Saturday, November 3, 2012

Dear John




Elwood: “What types of music do you usually have here?” 
Claire: “Oh, we got both kinds, we got country and western.” 

- Claire at Bob's Country Bunker, Blues Brothers 


Whilst doing something recently I had a CD playing in the background. It was one of those compilation discs, the best of something or other, or Country Classics, something like that. As regular readers of Bytes will know, I am not a fan of country music but I am fascinated by it, a style of music where each song tells a story with a beginning, middle and end, and usually a life message, all in 3 minutes. 

Old joke: 
Q: What do you get when you play country music backwards? 
A: Your wife comes back, your dog comes back to life and you get out of jail. 

The disc I was listening had a C & W song I had not heard before that was so maudlin and soppy that it actually caused me to stop and pay attention to the lyrics. It was a song by Jean Shepard and Ferlin Husky called “Dear John”. More of that later.


It started me thinking about the origin of the term “Dear John letter”, when someone tells their hubby, boyfriend or significant other that the relationship is over. 

Some comments: 

The origins of the phrase are not known with certainty but it is believed to have originated from American servicemen during World War 2. With so many service personnel serving overseas at that time and being away from home for protracted periods, it was inevitable that some of the wives and sweethearts at home would form new attachments and relationships. The letter informing the husband or significant other that the relationship was over became known as a Dear John letter. The name “John” was a common generic name, even unknown bodies and victims are referred to as “John Doe”. Whereas loving letters would often commence “Dearest John” or “My darling John”; in contrast the opening words “Dear John” are cold in comparison. 

In August 1945 a writer wrote in a letter to the Democrat and Chronicle of Rochester, New York: 

“Dear John,” the letter began. “I have found someone else whom I think the world of. I think the only way out is for us to get a divorce,” it said. They usually began like that, those letters that told of infidelity on the part of the wives of servicemen... The men called them “Dear Johns”. 

Today, such a message would more likely be a Dear John email, SMS or tweet. 

Which brings us to the Jean Shepard (1933- ) / Ferlin Husky (1925-2011) song. 





Hear Jean Shepard and Ferlin Husky sing their 1953 hit, Dear John, by clicking on the following link: 

See and hear them singing it many, many years later at:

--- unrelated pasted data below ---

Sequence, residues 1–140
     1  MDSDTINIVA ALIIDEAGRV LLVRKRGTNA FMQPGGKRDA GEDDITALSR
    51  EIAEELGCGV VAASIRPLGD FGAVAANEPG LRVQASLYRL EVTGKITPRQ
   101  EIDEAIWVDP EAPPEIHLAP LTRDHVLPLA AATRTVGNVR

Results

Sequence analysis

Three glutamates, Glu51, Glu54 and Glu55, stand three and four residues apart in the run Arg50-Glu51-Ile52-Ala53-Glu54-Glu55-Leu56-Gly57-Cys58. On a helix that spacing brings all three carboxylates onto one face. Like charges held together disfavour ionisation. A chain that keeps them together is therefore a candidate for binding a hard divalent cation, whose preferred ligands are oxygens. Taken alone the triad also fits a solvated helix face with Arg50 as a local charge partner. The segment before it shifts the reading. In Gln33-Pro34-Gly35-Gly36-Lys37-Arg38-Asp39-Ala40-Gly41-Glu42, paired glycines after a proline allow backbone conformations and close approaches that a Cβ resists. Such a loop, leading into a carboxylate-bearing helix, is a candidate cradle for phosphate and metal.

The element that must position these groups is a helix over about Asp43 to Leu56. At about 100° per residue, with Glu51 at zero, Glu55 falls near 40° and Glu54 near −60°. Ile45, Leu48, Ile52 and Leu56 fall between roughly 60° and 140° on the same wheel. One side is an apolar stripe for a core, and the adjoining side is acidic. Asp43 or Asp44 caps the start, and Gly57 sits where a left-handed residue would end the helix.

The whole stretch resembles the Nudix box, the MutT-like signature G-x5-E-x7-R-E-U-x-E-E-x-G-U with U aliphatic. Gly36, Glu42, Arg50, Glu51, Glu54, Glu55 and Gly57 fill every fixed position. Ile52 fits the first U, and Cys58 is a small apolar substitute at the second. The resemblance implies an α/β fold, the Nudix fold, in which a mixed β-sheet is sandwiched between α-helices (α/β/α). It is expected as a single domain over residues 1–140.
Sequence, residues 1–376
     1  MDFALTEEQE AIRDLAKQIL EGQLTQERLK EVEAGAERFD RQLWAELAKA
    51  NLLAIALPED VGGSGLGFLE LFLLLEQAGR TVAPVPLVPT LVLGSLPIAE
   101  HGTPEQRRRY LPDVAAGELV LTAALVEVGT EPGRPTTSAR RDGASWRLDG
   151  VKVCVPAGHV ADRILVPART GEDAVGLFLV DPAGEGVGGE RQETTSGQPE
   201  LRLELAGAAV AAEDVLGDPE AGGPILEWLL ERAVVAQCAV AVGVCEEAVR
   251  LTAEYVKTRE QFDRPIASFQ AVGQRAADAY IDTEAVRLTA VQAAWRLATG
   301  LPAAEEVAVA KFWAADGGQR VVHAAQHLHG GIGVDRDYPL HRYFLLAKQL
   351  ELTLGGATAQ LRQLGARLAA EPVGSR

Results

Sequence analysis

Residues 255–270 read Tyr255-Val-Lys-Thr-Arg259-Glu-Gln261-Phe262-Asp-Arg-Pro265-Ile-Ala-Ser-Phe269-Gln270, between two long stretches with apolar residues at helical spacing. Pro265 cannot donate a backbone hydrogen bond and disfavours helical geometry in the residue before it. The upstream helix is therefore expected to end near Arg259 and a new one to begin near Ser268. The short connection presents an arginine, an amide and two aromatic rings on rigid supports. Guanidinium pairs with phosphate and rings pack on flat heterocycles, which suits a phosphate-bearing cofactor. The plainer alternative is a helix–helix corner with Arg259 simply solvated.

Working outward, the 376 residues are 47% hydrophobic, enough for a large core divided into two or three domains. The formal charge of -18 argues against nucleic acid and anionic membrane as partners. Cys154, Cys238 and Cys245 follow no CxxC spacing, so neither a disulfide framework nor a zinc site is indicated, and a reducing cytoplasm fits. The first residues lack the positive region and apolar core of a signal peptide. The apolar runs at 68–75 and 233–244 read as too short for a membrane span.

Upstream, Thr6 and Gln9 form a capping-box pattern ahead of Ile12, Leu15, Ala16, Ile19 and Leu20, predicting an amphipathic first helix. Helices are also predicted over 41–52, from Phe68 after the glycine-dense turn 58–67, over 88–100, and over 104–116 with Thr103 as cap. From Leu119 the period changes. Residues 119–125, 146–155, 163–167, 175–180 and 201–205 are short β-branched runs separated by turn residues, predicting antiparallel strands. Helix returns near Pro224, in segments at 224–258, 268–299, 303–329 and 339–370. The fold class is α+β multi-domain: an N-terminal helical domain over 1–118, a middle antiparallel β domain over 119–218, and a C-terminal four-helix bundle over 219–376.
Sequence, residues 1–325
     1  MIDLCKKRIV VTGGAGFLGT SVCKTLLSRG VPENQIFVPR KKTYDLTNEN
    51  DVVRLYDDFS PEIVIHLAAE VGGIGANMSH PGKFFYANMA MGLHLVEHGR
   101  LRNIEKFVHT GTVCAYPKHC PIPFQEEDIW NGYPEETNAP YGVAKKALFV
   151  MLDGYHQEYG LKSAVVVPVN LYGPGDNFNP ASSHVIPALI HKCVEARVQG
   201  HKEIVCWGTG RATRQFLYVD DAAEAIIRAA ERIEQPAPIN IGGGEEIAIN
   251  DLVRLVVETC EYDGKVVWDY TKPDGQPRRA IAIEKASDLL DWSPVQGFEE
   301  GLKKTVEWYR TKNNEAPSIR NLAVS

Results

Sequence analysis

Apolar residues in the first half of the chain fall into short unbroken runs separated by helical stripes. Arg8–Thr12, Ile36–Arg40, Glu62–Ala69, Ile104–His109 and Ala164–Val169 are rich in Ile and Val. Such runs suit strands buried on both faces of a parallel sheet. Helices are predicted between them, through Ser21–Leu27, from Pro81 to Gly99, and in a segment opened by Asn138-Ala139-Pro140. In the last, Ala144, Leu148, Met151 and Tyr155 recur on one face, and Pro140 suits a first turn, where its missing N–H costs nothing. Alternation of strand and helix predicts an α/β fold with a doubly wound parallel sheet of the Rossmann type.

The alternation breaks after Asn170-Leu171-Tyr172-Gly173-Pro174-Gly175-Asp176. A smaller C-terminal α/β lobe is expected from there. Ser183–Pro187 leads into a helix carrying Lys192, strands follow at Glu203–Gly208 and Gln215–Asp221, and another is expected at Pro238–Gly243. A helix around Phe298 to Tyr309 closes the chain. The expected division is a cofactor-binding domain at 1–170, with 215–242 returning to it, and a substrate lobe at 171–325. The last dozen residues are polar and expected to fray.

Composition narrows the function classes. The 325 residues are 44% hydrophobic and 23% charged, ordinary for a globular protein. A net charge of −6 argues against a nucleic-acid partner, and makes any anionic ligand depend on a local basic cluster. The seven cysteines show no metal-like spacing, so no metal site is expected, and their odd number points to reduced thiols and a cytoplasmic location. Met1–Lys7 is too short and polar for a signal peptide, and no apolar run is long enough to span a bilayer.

Hear the Loretta Lynn and Ernest Tubb cover at: 

The song was released whilst the Korean War was in progress and was a No 1 hit on the Hot Country Songs chart, as well as reaching No 4 on the popular music chart. Shepard was a pioneer for women in country music, releasing a total of 73 singles and 24 albums between 1953 and 1981. 

I will say no more about the song, the lyrics speak for themselves: 

(Her:)
Dear John oh how I hate to write 
Dear John I must let you know tonight
That my love for you has died away 
Like grass upon the lawn
And tonight I wed another dear John

(Him:)
I was overseas in battle when the postman came to me
And he handed me a letter and I was just as happy as I could be
For the fighting was all over and the battle had been won
Then I opened up the letter and it started 'Dear John'

(Her:) 
Dear John oh how I hate to write...
Will you please send back my picture 
My husband wants it now
When I tell you who I'm wedding 
You won't care dear anyhow
Now the ceremony has started 
And I wed your brother Don
Would you wish us happiness forever dear John 

By the way, the follow up, “Forgive Me John”, was also a hit for Jean Shepard and Ferlin Husky, reaching No 10 on the Country chart and No 25 on the pop chart. It can be heard at: 

The lyrics to that song are: 

(Her:) 
Forgive me John but I don't love your brother 
I realise now that you're the only one
Write and tell me dear that you'll still have me 
If I undo the awful wrong I've done

(Him:)
I've tried to answer your letter 
The best that I know how
The way I feel about you honey 
Really doesn't matter now
As you know the boys 
Will be coming home soon
To be with their wives and their ma's and pa's 
I'd like to come home
I'd like to see you, as a wife, but not as a sister in law

(Him:)
You're asking me to do somethin' I can't do
It's hard to explain 
But can't you see my brother loves you
I reckon as much as I do and he married you
And I could never do him like he done me
But I wish you happiness forever 
May you make him a truly lovin' wife
There's nothing for me to come home for now
So I'll re-enlist and live my lonely soldier's life 


"I don't like country music, but I don't mean to denigrate those 
who do. 
And for the people who like country music, denigrate means 
'put down.' " 

- Bob Newhart


1 comment:

  1. I had a friend once who, while overseas in the military, learned that his girlfriend was leaving him for a local tractor salesman. Of course, he received the obligatory John Deere letter.

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